A Trade for a Weak Black Friday

Brace yourself. The time of year for holiday sales fliers is here. Next week will bring both Thanksgiving and the mania that is Black Friday.

As we head into the most important week in retailers’ year, let’s consider just how the industry has done so far in 2018:

11-15-18 chart.gif

As you can see, despite a rough October, retail (represented by the SPDR S&P Retail ETF in black) has outperformed the market (represented by the S&P 500 in gold). That may seem strange considering what all has happened in 2018 — tariff wars, transportation cost increases and the ever-increasing threat from the likes of Amazon.

But to understand exactly how this sector will perform during this crucial period, you need to look at how individual companies within it are preparing.

One strong indicator that 2018 won’t replicate 2017’s unexpected Black Friday success is store closures. About 5,000 total retail stores have closed in the U.S. so far this year. While on par with 2017’s numbers, we haven’t yet seen the full brunt of closures.

Sears filed for Chapter 11 bankruptcy last month. Its stores and its subsidiary, Kmart, will suffer increasing closures throughout the rest of the year… right in the teeth of the shopping season.

While the impact on Toys R Us’ bankruptcy has already been felt, it can’t be ignored when discussing this subject. The former toy store behemoth closed nearly 900 stores just this year. Walgreens dropped 600 stores.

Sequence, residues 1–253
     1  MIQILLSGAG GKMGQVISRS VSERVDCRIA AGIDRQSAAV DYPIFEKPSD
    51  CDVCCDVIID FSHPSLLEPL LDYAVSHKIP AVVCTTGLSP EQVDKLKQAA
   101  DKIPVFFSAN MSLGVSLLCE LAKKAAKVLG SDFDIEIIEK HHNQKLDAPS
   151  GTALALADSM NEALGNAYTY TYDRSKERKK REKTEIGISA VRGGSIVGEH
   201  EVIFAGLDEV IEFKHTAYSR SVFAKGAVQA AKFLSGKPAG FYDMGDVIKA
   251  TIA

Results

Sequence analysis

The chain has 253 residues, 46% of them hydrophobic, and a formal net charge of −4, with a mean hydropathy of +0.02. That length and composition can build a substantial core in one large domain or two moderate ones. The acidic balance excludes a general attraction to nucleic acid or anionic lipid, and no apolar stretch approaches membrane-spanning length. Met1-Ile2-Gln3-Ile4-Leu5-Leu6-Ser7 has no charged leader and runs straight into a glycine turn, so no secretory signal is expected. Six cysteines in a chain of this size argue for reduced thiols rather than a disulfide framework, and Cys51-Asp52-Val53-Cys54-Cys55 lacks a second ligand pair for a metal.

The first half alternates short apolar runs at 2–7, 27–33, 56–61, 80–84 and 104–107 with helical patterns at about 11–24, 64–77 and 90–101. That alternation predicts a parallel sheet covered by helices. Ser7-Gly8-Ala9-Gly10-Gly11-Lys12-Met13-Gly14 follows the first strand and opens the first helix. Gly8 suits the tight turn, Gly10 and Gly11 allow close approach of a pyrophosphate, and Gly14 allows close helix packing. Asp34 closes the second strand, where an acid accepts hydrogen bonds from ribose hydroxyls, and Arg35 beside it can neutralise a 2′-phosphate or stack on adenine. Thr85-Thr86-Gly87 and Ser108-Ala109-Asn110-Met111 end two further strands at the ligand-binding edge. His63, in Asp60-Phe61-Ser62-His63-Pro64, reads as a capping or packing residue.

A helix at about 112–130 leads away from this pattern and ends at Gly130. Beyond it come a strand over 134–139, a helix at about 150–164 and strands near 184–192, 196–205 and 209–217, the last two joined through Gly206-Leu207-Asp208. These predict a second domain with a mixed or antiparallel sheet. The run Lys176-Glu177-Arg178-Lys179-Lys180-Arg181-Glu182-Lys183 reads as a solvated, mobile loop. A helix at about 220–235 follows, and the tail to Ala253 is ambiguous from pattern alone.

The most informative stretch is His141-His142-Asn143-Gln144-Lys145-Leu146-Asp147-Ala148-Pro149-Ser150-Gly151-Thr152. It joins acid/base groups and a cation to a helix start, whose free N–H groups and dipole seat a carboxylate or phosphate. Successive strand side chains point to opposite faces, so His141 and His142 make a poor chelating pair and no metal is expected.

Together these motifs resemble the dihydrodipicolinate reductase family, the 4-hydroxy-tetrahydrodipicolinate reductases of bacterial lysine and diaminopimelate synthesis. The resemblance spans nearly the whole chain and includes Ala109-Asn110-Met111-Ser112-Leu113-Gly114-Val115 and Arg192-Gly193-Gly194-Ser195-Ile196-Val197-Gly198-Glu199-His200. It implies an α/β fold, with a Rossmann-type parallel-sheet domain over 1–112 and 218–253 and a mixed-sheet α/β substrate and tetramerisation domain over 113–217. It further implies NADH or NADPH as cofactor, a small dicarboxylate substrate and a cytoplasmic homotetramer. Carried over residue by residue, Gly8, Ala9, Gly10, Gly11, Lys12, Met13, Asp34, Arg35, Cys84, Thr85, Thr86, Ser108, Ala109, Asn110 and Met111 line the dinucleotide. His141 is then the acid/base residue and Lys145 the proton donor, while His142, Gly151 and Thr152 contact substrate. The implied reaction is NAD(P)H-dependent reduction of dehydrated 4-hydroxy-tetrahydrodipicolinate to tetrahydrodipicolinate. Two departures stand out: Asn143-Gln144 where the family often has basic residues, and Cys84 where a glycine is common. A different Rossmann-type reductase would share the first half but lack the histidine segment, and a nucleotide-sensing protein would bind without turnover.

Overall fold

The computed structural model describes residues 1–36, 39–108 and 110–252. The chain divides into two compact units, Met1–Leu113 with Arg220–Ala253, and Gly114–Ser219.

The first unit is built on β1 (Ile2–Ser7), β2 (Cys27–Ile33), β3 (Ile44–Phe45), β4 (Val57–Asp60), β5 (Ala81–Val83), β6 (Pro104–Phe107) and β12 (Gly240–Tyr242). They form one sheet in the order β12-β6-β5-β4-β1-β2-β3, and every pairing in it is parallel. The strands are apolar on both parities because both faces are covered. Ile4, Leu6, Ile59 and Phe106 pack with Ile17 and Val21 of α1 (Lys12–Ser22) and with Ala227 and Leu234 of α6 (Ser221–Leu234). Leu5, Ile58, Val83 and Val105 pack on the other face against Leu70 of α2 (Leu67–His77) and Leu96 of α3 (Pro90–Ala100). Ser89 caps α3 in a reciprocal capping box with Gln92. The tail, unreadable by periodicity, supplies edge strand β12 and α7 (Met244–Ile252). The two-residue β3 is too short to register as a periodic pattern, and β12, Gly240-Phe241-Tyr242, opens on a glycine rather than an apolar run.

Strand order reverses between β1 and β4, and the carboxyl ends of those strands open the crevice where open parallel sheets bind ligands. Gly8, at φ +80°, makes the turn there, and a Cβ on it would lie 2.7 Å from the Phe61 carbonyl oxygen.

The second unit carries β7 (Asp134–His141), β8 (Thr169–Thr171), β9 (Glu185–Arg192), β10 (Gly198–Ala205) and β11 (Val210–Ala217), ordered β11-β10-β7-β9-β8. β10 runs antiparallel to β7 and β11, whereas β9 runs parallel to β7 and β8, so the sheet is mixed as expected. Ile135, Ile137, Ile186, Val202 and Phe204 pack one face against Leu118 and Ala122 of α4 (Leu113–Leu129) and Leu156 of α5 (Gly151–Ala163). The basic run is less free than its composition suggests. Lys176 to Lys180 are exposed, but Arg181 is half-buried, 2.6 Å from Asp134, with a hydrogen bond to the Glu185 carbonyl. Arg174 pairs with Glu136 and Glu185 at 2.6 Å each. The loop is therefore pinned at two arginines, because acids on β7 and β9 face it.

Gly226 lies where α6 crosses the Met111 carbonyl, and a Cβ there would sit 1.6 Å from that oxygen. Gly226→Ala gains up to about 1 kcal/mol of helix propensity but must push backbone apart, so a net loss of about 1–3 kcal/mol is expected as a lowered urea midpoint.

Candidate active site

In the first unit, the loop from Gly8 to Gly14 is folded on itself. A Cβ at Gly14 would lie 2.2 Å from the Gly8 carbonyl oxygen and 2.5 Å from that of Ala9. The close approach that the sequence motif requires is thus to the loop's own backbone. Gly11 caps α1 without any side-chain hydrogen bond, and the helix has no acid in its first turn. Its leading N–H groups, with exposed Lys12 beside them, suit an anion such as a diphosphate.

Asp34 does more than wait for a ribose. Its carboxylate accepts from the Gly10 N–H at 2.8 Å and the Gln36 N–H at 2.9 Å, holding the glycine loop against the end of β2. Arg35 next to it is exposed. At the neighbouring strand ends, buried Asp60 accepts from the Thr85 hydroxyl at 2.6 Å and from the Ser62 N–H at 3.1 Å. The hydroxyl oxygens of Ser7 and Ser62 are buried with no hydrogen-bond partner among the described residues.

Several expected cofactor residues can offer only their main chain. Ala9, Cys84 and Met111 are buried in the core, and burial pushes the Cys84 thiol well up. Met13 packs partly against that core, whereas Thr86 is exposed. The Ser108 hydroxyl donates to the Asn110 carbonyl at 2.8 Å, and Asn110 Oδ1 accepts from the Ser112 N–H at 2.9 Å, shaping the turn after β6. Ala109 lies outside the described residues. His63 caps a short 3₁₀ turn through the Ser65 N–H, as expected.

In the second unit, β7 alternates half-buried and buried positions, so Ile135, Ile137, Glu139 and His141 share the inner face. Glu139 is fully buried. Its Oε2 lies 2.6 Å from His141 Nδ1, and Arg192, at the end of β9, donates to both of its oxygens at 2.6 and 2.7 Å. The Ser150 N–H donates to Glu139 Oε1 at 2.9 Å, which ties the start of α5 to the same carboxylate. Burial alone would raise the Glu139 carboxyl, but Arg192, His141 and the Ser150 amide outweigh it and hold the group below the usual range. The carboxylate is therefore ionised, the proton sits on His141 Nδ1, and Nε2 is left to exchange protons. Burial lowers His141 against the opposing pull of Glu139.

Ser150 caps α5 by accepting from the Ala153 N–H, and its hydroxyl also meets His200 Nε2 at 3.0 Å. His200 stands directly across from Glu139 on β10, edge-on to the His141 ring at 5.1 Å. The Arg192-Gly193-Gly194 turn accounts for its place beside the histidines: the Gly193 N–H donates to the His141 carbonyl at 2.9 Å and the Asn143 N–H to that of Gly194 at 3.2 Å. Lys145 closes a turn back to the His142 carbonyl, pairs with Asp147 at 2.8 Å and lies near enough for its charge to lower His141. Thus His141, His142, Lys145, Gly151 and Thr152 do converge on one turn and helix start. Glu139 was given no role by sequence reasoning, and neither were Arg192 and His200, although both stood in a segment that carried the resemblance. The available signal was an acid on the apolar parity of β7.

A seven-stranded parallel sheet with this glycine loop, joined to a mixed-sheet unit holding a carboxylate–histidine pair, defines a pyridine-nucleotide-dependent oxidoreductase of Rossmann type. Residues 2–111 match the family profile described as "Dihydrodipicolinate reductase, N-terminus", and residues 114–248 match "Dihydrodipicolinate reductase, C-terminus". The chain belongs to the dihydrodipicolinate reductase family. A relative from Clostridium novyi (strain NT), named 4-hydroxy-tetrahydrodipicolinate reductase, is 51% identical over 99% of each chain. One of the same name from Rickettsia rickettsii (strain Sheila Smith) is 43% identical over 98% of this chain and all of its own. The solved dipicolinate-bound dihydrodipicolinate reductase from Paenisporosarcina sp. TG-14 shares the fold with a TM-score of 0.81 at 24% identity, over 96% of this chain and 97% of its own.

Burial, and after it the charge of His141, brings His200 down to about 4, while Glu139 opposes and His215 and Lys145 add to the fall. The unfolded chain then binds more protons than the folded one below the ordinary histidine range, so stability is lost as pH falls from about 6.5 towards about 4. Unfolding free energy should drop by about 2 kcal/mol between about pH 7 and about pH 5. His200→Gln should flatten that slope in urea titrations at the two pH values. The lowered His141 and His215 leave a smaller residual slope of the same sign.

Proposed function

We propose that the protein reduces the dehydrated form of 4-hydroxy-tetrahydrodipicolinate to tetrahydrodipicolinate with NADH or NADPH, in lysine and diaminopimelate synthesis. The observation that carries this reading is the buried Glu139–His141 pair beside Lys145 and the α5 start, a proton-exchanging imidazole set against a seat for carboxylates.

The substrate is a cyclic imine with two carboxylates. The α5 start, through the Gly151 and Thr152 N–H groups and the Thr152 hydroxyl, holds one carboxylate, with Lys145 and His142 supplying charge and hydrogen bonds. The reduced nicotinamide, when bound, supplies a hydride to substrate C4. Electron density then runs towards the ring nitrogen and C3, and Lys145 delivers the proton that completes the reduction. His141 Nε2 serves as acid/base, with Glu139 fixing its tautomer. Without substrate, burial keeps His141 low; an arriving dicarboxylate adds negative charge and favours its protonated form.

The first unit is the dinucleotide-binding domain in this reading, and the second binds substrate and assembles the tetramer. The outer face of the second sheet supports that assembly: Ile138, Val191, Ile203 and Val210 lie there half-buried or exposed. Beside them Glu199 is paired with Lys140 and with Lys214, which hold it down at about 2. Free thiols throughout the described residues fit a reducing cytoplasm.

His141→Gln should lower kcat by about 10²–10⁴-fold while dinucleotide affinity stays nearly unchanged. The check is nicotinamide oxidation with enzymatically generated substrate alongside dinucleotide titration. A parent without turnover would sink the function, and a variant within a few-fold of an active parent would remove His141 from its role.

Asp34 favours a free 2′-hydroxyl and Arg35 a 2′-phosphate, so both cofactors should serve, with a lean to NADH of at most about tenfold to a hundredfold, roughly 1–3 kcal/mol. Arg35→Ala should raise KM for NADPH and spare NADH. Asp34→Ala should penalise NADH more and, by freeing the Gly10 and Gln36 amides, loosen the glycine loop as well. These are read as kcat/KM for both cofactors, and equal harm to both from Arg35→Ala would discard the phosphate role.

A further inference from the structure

You can’t outperform previous sales when you don’t even have the stores to sell product. That fact is going to hit the industry hard in 2018.

But there are plenty of other reasons to remain suspicious of retail entering into shopping season beyond store closures.

As noted above, transportation costs have risen this year. The impact of this can’t be understated. While brick-and-mortar stores continue to lag e-commerce, shipping becomes a more worrisome problem.

You’d think e-commerce would be just as affected. But with Amazon’s vast and growing network of mega-warehouses, it can control its shipping costs much more than retailers without them.

This is one trend that has already affected Black Friday preparation. Last year’s performance was based on smooth inventory levels. With the increase in tariffs and transport costs, retailers have had to make uncomfortable choices when it comes to pre-shopping season inventory.

At the low-priced store side, many companies have increased inventory as to be prepared for further cost increases. That could backfire and accelerate any negative sales during this crucial week.

As for global brands and higher-end retailers, many are keeping low product levels. So, even if consumers are ready to spend, they might not be able to. And you know what would happen if they are turned away from a store. They’ll simply go online and buy from competitors.

Now, none of this means retail is dead just yet… or that this is going to be the ugliest Black Friday in history. Likely, it won’t be terrible. Consumer confidence remains high entering this crucial season.

So, how does one play a trend like this… likely short-term weakness, with the potential for an upside surprise?

A Trade to Profit on Short-Term Weakness